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Alternative histories (Fiction)

  • Fiction in which the plot or setting assumes an alternative outcome of an historical event. For nonfiction that presents alternative outcomes of historical events and subsequent changes in history see [Counterfactual histories.]
  • URI(s)

  • Instance Of

  • Scheme Membership(s)

  • Collection Membership(s)

  • Form

    • Alternative histories (Fiction)
  • Variants

    • Allohistories (Fiction)
    • Alt-history fiction
    • Alternate histories (Fiction)
    • Alternate history fiction
    • Alternative history fiction
    • Alternative realities (Fiction)
    • Histories, Alternative (Fiction)
    • Uchronias (Fiction)
    • Uchronies (Fiction)
    • What if fiction
    • What ifs (Fiction)
  • Broader Terms

  • Closely Matching Concepts from Other Schemes

  • Sources

    • found: LCSH, Oct. 22, 2014(Alternative histories (Fiction), UF Alternate histories (Fiction). BT Fiction)
    • found: GSAFD, 2000(Use for works featuring key changes in historical facts.)
    • found:, Oct. 29, 2012(Alternative history genre: for fiction works which speculate on what could have happened if a significant historical event had gone differently.)
    • found: Alternative history : what is althistory?, via Althistory wiki, Aug. 5, 2014(Alternate History (sometimes abbreviated AH) is the most frequently used term for the fictional genre which often presupposes a change of a minor historical event that produces an incredible series of changes in the world, diverging it from Our Timeline (OTL) and creating a new, alternate and parallel world. Other terms used include alternative history, allohistory and uchronie.)
    • found: Wikipedia, Aug. 5, 2014:Alternate history (Alternate history or alternative reality is a genre of fiction consisting of stories that are set in worlds in which one or more historical events unfolds differently from how it did in this reality. It can be variously seen as a sub-genre of literary fiction, science fiction, and historical fiction; different alternate history works may use tropes from any or all of these genres. It is sometimes abbreviated AH. Another occasionally used term for the genre is "allohistory" (literally "other history")) Uchronia (Uchronia refers to a hypothetical or fictional time-period of our world, in contrast to altogether fictional lands or worlds. A concept similar to alternate history but different in the manner that uchronic times are not easily defined (mainly placed in some distant or unspecified point before current times), sometimes reminiscent of a constructed world. Some, however, do use uchronia to refer to an alternate history)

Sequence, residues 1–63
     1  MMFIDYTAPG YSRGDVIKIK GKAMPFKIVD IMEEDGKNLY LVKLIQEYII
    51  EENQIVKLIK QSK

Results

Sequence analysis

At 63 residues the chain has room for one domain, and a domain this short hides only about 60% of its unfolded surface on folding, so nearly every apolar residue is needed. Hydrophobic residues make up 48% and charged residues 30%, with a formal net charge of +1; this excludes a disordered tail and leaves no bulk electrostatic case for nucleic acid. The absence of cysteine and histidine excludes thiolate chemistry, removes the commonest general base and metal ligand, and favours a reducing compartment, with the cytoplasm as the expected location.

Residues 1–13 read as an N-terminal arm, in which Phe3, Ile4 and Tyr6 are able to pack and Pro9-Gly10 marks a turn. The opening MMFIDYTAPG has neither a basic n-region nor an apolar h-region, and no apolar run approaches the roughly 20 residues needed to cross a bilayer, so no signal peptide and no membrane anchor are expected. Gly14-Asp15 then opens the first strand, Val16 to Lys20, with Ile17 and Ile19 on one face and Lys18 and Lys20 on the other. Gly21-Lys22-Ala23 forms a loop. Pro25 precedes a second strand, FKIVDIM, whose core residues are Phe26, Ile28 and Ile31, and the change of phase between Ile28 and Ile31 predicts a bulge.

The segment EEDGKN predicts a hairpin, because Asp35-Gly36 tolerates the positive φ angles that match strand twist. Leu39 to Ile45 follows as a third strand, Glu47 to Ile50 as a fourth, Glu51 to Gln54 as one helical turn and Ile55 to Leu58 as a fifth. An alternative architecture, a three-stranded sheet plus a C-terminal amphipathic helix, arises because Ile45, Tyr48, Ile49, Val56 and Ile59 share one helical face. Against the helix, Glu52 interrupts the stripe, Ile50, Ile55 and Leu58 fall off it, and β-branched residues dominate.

• found: TV tropes website, Sept. 2, 2016:Alternate History (A type of Speculative Fiction (sometimes called "Uchronia" or "Anachronism") set in a world where one or more historical events unfolded differently than they did in the real world. Often set some time after the event (called a "point of divergence", or PoD, by fans of the genre), such stories typically describe a Present Day world vastly changed by the difference, or follow another major historical event in light of the change. Sometimes linked with a Time Travel story--the point of divergence is often caused by travelers from "our" timeline (OTL in Alt-history parlance) seeking to effect a desired change. ... The setting of an alternate history is often described as a What If?; The genre has become increasingly popular since the late 20th century, perhaps because it was a tumultuous century rich in "what if" opportunities; Philip K. Dick's The Man in the High Castle, a Germans-Win-WWII story, is a seminal work in the genre) What If? (A Super Trope to Alternate Universe and Elseworld, "What If?" stories do to fictional Continuity what Alternate History does to Real Life history. The purpose of a what-if is to consider what effects might be caused if some event or invention had come about.)
    • found: Moore, P.N. What if Hitler won the war?, 1998(Subtitle on cover: Where would we be today : a novel)
    • found: Blumetti, R. The lion is humbled : what if Germany defeated Britain in 1940?, 2004(a novel)
    • found: The fantastic other, 1998:p. 214 (Allohistorical fiction deals with the question of what might have been. It explores alternative histories in which the Reformation did not take place, or Hitler died as a young man, or the Axis Powers won World War II)
    • found: International postmodernism, ©1997:p. 204 (uchronian fiction; alternative histories)
    • found: Wesseling, E. Writing history as a prophet, 1991:p. 102 (uchronian fiction)
    • found: Monsters in the mirror, ©2010:p. 85 (uchronic fiction)
    • found: Scotland as science fiction, ©2012:p. 161 (alt-history fiction relates imagined worlds wherein a point of divergence acts as a fulcrum for a host of potential alternate responses or results. That is, alt-history fiction relies on readers' shared, experiential history (usually global) in the telling of an alternative to that history)
    • found: Roese, N.J. If only, 2005:p. 162-164 (Alternate history; what-if fiction; alternate history novels and short stories; what-if scenarios)
    • found: Google, Nov. 7, 2016:(hit counts: Alternative histories: 132,000; Allohistorical fiction: 320; Alt-history fiction: 5,480; Alternate history fiction: 12,800; Alternative history fiction: 6,420; Uchronian fiction: 365; Uchronic fiction: 141; what-if fiction: 6,470; What ifs AND fiction: 295,000)
  • General Notes

    • Fiction in which the plot or setting assumes an alternative outcome of an historical event. For nonfiction that presents alternative outcomes of historical events and subsequent changes in history see [Counterfactual histories.]
  • Example Notes

    • Note under [Counterfactual histories]
  • Change Notes

    • 2014-12-01: new
    • 2016-12-13: revised
  • Alternate Formats

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